Never allow the tax dog to wag the tail of a portfolio or holding.
Tax decisions absolutely have an impact on the overall return of a portfolio but allowing the tax issue to drive portfolio decisions can have detrimental results. I have seen investors hold onto an asset much too long because of not wanting to pay capital gains on the sale of the asset. Instead they realized a much larger loss from movements within the particular asset when the price falls. Make sound investment decisions on logic and do not let the emotion of taxes drive you.
Watch what you watch and read.
Turn off the talking heads on TV and put down the latest investment periodical. These formats are informative if taken lightly and in the proper amount but they are more interested in selling subscriptions and driving ratings than they are about giving quality advice. The movements generated by the advice of those in the television and print media are not always the best for the investor. News only sells when it gets our attention and unfortunately that hardly ever equates to good news.
Good (even great) well-established companies do not always make great stocks.
It seems counterintuitive that a well-established, well-known company would not automatically make a great stock to hold. Good, even great companies can and do falter as well as the lesser-known companies. In fact many of the well established companies get stale and have a hard time growing beyond the boundaries in which they have typically always existed. Too much exposure to too many of these giants can have a less than stellar effect upon your portfolio.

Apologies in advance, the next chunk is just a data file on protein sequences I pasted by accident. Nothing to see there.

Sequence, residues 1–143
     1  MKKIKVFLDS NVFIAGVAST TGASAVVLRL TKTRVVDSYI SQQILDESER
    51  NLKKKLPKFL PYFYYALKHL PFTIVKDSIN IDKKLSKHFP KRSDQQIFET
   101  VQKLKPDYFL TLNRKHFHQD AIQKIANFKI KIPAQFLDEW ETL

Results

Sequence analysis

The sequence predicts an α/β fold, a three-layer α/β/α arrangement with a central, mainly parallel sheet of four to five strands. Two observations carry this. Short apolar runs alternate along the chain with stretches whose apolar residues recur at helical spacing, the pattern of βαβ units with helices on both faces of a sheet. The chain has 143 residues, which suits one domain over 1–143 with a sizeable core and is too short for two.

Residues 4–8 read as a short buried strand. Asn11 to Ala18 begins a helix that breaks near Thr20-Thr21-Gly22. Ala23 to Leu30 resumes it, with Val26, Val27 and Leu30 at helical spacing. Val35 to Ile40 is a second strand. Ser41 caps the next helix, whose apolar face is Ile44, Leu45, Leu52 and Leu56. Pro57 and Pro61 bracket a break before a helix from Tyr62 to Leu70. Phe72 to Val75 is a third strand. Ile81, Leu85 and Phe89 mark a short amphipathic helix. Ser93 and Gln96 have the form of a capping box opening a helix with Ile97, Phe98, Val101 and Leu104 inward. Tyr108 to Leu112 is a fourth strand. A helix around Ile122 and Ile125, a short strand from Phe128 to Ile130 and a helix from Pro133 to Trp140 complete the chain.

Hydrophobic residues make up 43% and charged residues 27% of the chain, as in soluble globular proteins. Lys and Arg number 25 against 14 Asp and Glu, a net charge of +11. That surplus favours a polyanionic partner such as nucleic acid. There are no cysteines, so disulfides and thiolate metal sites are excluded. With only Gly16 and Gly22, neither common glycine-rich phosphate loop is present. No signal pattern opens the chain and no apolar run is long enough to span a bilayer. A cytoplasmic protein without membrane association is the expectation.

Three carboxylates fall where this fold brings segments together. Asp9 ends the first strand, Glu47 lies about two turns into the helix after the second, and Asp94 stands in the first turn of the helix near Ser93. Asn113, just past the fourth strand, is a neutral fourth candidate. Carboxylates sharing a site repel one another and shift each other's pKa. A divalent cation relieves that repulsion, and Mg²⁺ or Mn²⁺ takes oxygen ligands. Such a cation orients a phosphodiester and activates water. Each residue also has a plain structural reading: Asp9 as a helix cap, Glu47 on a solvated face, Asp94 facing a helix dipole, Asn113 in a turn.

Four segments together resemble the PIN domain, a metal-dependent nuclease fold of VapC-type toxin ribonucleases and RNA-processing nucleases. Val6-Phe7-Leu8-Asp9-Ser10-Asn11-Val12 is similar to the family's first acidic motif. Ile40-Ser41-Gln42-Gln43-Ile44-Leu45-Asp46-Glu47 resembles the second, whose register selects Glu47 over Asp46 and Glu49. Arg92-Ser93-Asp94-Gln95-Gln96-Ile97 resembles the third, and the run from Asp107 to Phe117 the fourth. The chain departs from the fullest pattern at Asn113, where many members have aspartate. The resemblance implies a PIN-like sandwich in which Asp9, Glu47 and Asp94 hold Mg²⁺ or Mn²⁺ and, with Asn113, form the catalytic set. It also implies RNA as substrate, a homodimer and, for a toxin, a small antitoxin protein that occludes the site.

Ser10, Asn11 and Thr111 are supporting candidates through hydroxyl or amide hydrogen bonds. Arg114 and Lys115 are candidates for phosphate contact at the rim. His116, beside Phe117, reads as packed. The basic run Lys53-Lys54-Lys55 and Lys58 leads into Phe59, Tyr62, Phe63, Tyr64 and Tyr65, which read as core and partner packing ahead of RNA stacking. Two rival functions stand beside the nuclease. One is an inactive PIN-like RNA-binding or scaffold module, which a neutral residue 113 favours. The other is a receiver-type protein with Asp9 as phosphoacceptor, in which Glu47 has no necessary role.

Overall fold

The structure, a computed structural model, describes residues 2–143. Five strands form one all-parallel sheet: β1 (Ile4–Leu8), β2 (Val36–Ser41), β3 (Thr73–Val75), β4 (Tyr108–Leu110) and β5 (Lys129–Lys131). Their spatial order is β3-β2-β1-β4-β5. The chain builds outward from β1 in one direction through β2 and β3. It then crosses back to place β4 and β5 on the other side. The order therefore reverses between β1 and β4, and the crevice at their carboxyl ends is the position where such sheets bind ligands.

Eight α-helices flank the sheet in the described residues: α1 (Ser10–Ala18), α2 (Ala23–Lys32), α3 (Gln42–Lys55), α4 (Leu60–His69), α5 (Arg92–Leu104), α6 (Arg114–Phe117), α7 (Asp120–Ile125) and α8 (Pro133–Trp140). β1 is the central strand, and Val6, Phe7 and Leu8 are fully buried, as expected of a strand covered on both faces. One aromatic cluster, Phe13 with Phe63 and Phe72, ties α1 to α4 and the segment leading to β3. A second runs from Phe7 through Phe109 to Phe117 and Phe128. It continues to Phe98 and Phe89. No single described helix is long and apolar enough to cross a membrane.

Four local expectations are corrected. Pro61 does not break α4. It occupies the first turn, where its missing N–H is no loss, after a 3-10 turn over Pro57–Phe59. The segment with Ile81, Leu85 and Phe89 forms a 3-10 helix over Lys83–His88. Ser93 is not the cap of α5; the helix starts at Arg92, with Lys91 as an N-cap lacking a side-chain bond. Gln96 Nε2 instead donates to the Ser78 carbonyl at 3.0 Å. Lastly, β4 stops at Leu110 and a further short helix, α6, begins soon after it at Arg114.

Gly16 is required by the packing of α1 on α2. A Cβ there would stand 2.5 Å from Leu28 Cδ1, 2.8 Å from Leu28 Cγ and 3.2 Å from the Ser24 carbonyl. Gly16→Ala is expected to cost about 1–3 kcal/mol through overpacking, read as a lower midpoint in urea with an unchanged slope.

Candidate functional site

This one could really be 2 in 1.
Do not put more than 10% of your money in your companies stock or within any 1 individual stock. The first part deals with most investors who utilize their 401(k) and have company stock within the plan. If the plan allows it and does not require you to hold a set minimum in stock make sure you have allocated your 401(k) holdings to limit your exposure to your company's stock. In addition, within any portfolio (look at the holdings in the aggregate and not strictly by account) make sure that you have any individual stock position limited to no more than 10% of your holdings. We all think that the stock we have loaded up on is a high flyer and because of their business model or sales or new product coming on the market it is bound to double in price. Every stock you purchase was from someone else who wanted out. Do not expose yourself to excessive risk with excessive positions. Remember some of the big stock blunders of recent years, Enron, WorldCom, K-Mart'the list is long and everyone had a reason to have 30, 50 even 70 or 80% of their holdings within stocks like these.
As I have stated on a very frequent basis, and will continue to do so at every opportunity, investing is risking and should be approached with care. One should never avoid investing but should approach it with diligence and understanding. The lack of knowledge of basics is one of the biggest hurdles I see most investors struggle with in regards to what they are looking for and what they expect. Balance out expectations with reality and see how well they fit. Get a good understanding of investing basics, especially including the emotional side to investing and utilize sound logic and reasoning. Chasing returns on the up side or running away from them on the down side never accomplishes either race. Utilizing logic and emotional balance as well as good asset class selection and you should find a much better fit. You and your portfolio will be much better served and more comfortable as a result.
Securities and investment advice offered through FSC Securities Corporation,
A registered broker/dealer, Member NASD/SIPC and a registered investment advisor.